It is also possible to apply for permission not to pay, known as a 'fee waiver', in certain categories. These fall under three broad headings.
First, it is possible to apply for a fee waiver for certain family visas. This includes applications under Appendix FM to the Immigration Rules, which covers the main family visa categories such as for spouses or partners of British citizens. The test for granting a fee waiver is whether the applicant and sponsor have credibly demonstrated that they cannot afford to pay. Waivers can be granted for both the application fee and health surcharge, or for just the surcharge. 
Second, a similar waiver scheme is available for people applying for permission to stay in the UK on family or human rights grounds. Again, the fundamental requirement is to show that the applicant and sponsor cannot afford the fee after meeting their "essential living needs". The Home Office expects detailed evidence of financial circumstances. 
Third, fee waivers are available for children applying for British citizenship.  This normally costs around £1,000. Campaigners had long complained that the fee excluded some families from being able to avail of their child's right to citizenship. In 2022, the Supreme Court held that charging for child citizenship was legal but the Government decided to bring in a fee waiver scheme anyway.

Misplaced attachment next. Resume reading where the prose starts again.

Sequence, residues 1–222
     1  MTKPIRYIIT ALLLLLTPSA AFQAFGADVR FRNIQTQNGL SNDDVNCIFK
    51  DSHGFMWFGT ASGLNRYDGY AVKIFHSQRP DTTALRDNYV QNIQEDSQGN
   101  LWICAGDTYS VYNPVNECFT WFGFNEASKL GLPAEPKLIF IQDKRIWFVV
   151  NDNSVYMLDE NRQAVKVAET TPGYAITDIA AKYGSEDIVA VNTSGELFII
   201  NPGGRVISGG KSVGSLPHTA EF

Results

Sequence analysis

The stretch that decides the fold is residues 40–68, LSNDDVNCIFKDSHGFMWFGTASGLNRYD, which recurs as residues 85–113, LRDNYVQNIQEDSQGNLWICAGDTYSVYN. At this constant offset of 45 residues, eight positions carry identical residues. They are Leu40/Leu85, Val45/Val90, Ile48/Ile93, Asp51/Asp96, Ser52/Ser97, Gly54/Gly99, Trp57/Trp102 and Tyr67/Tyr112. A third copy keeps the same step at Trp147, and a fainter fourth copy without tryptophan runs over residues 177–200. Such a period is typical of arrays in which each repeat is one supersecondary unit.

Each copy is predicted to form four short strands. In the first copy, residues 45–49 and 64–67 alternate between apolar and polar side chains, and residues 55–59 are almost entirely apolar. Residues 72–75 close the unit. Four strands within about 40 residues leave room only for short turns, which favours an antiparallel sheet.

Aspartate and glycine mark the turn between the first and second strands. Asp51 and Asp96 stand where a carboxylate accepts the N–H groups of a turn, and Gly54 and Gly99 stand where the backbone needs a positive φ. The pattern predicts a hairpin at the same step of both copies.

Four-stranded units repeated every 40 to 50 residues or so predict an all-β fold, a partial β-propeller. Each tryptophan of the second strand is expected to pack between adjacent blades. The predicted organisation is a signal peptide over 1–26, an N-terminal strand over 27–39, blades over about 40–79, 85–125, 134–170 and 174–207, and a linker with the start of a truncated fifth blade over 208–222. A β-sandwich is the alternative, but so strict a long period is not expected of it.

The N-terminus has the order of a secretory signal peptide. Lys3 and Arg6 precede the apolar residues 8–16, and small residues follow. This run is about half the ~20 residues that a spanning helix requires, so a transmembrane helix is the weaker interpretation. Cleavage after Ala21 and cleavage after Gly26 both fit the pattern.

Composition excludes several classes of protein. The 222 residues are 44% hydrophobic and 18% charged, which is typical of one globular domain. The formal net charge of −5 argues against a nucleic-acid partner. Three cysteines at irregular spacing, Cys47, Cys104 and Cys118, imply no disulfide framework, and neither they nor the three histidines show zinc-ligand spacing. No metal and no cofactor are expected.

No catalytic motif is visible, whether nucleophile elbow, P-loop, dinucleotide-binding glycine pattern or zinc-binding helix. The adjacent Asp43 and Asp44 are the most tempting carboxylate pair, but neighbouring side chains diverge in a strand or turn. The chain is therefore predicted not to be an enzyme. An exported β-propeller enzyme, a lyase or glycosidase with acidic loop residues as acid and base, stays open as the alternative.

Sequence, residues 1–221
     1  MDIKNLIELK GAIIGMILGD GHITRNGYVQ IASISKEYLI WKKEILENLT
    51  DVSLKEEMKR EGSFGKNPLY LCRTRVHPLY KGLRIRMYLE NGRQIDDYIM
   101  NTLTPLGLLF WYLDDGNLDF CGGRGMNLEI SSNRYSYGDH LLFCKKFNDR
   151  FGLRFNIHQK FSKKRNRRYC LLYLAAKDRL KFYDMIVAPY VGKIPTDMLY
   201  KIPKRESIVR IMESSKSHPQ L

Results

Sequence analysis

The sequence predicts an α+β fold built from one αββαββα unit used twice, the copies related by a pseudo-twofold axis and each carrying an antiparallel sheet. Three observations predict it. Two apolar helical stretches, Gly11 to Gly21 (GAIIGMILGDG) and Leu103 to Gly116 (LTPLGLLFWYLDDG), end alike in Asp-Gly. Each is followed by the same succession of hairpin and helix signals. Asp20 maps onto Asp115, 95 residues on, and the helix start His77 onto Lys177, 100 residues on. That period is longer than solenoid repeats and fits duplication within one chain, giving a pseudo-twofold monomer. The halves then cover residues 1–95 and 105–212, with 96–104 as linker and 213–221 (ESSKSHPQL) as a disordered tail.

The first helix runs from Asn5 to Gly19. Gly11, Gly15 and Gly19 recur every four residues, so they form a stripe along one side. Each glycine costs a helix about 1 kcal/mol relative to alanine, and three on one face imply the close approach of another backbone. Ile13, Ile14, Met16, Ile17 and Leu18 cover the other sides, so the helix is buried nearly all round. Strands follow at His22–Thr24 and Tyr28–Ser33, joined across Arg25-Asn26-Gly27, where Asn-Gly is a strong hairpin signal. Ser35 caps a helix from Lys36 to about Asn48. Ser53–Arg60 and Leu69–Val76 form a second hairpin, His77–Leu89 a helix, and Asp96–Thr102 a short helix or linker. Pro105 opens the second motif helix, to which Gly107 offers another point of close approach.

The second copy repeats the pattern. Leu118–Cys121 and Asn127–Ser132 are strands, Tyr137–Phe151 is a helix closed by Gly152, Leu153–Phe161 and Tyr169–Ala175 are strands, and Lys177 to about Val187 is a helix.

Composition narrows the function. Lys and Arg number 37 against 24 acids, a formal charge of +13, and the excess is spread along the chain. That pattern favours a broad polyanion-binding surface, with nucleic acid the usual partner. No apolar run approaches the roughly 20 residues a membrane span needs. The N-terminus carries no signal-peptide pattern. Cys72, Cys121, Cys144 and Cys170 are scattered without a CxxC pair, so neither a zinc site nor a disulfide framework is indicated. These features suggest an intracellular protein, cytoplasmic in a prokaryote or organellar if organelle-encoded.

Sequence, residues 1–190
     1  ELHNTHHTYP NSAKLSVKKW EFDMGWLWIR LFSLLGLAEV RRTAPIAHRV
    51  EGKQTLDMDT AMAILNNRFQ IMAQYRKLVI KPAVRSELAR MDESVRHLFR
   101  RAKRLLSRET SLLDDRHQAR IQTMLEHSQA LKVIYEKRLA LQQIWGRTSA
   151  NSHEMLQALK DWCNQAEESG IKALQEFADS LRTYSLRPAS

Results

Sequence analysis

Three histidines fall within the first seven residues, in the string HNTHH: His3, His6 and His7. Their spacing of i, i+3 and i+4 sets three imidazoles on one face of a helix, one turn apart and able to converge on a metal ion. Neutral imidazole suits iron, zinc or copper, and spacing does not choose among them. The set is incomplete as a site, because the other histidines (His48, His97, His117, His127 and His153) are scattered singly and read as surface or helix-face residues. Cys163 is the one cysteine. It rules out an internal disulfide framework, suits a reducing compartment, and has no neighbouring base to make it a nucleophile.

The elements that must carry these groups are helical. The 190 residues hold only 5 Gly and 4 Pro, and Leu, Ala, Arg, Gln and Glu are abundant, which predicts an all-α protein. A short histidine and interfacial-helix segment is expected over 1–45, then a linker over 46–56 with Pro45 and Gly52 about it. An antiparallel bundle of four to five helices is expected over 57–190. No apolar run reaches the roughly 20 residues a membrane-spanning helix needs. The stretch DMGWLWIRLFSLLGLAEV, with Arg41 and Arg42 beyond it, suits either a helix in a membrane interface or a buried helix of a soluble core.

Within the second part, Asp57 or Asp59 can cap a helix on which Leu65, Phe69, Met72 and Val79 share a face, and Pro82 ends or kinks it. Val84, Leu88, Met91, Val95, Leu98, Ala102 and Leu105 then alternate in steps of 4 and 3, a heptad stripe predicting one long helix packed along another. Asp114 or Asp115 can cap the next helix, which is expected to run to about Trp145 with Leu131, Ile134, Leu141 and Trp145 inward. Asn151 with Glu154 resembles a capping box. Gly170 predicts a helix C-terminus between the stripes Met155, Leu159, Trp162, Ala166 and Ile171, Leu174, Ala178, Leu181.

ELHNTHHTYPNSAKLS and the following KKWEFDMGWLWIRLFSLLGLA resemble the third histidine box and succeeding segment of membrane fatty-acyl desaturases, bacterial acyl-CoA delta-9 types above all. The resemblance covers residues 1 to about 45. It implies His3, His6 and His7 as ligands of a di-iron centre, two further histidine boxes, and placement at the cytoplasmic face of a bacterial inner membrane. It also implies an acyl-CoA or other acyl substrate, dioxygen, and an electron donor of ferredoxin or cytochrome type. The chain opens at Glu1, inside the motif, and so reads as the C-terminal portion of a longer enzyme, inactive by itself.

The Home Secretary has broad discretion to waive or refund application fees under provisions scattered throughout the fee regulations.  The same applies to the immigration health surcharge.  But unless there is a dedicated application process to apply for a waiver or refund, as in the cases above, it is not clear how this discretion can be requested in practice.
Fees policy under successive governments has reflected the view that the people who benefit most from the immigration system (migrants themselves) should contribute to its costs.
A 2022 written statement by the immigration minister explains the idea that the Home Office should raise money from migrants to spend on its immigration functions: